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Full-Time MBA Admissions Update: Round 1 Deadline & Meet Your AO’s

The Round 1 Texas Full-Time MBA application deadline is October 13th!
Apply before the deadline to receive priority consideration for admissions scholarships & fellowships. Receive your admission decision by January and prepare to join our prestigious Class of 2018!


Meet Your Full-Time Texas MBA Admissions Officers

The Texas MBA Full-Time Admissions team is dedicated to helping you navigate the admissions process, learn #WhyMcCombs, and get all your questions answered. Learn more about who you can expect to meet on your journey to McCombs below.

Julia Campbell, Full-Time Admissions

Julia Campbell
Senior Admissions Officer, Texas MBA Full-Time Program

How long have you been with the Texas MBA and what is your background?
I joined McCombs in February 2011 in the Development and External Relations department and moved to the Texas MBA Program Office full time admissions staff in August 2012. I earned my business degree in Finance and Operations at the University of Massachusetts Amherst and moved to Texas where I worked in sales, analysis, donor relations, and event strategy. My focus on the full-time admissions is women’s recruitment, management of the McCombs Admissions Committee student volunteers, interview operations, waitlist management, alumni engagement and recruitment/yield event strategy.

What has been your most rewarding experience so far working on the Texas MBA admissions team?
Oddly enough, the most rewarding experience I’ve had in admissions isn’t related to admissions at all, although many professionals in admissions will tell you that this job is a total blast (you get to meet new and interesting people every day, travel the planet, read thrilling essays, and make those incredible congratulatory phone calls to admitted students.) The winner for me, though, is attending MBA Orientation after everyone has been admitted to see them off to begin this exciting new phase of their lives. I’ve spent many, many hours getting to know these people as applicants on paper and in person. By the time summer orientation rolls around, I know them well and it’s a rewarding experience to see them take the first real steps to pursue what they’ve worked so hard to convey to me during the application process: their dreams and ambitions begin.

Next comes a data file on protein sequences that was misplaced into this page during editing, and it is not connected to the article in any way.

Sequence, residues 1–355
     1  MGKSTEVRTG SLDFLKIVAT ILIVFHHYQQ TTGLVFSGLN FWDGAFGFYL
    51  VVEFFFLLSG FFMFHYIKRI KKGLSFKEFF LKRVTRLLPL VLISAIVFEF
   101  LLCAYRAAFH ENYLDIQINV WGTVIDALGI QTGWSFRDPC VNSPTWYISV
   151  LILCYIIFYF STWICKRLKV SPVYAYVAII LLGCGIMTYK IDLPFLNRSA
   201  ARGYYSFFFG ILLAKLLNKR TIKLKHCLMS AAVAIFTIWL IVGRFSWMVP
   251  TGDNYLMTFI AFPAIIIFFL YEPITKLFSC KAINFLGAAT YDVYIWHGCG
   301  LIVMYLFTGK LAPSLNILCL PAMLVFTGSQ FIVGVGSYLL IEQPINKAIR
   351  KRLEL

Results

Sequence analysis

In your opinion, what are some of the strongest attributes of a Texas MBA class?
My focus in admissions is women’s recruitment, a very interesting area to watch these days. With studies and headlines coming out all the time swinging the pendulum on where a woman’s position is in the business world, it’s incredible to witness this movement on an individual level. I work with inspiring, capable, driven, self-aware women MBA candidates and current students who choose to pursue their business careers with such commitment and sense of purpose that I can’t help but have full faith that this “gap” will continue to close.

Rene Martinez, Full-Time Admissions

Rene Martinez
Senior Admissions Officer, Texas MBA Full-Time Program

How long have you been with the Texas MBA and what is your background?
I joined the Full Time Texas MBA Admissions team in August of 2014. Upon completing my degree in Communication Studies at The University of Texas at Austin, I began working for International Studies Abroad’s (ISA) high school division where I managed program recruitment, admissions and served as the on-site Director in Mexico, Costa Rica and Spain. Following my work with ISA, I managed Texas teacher recruitment for the student travel branch of the Discovery Channel. Prior to joining the MBA admissions team, I worked in the UT International Office where I coordinated all aspects of an 18-month Foundation Year program for non-matriculated business and engineering students from Saudi Arabia.

What has been your most rewarding experience so far working on the Texas MBA admissions team?
So far my most rewarding experience has been having the opportunity to travel to China and South Korea to interview highly qualified candidates for our next incoming class. I enjoyed meeting a number of bright candidates, hearing their stories and learning about how they plan to use a Texas MBA to elevate their careers and take a giant leap toward their goals.

In your opinion, what are some of the strongest attributes of a Texas MBA class?
I think diversity and cohesion are what make our Texas MBAs so special. Our students come from a wide range of cultures, backgrounds, and industries. It is inspiring to see how they come together on campus with a shared vision of not only working toward their own goals but also going above and beyond to collaborate and ensure the success of each one of their classmates.

Stephen Sweeney
Director of Admissions, Texas MBA Full-Time Program

How long have you been with the Texas MBA and what is your background?
I have been working at the Texas MBA for slightly over a year. I am also an alum of the full-time program and volunteered with admissions as a student. Prior to enrolling in McCombs, I worked in the hedge fund industry and taught fourth grade through Teach For America. After I graduated, I worked in management consulting until returning to McCombs.

What has been your most rewarding experience so far working on the Texas MBA admissions team? Interacting with such high caliber, driven individuals from all over the world who are interested in McCombs has been incredibly rewarding! I love hearing each applicant’s reasons pertaining to why they are passionate about attending McCombs.

In your opinion, what are some of the strongest attributes of a Texas MBA class?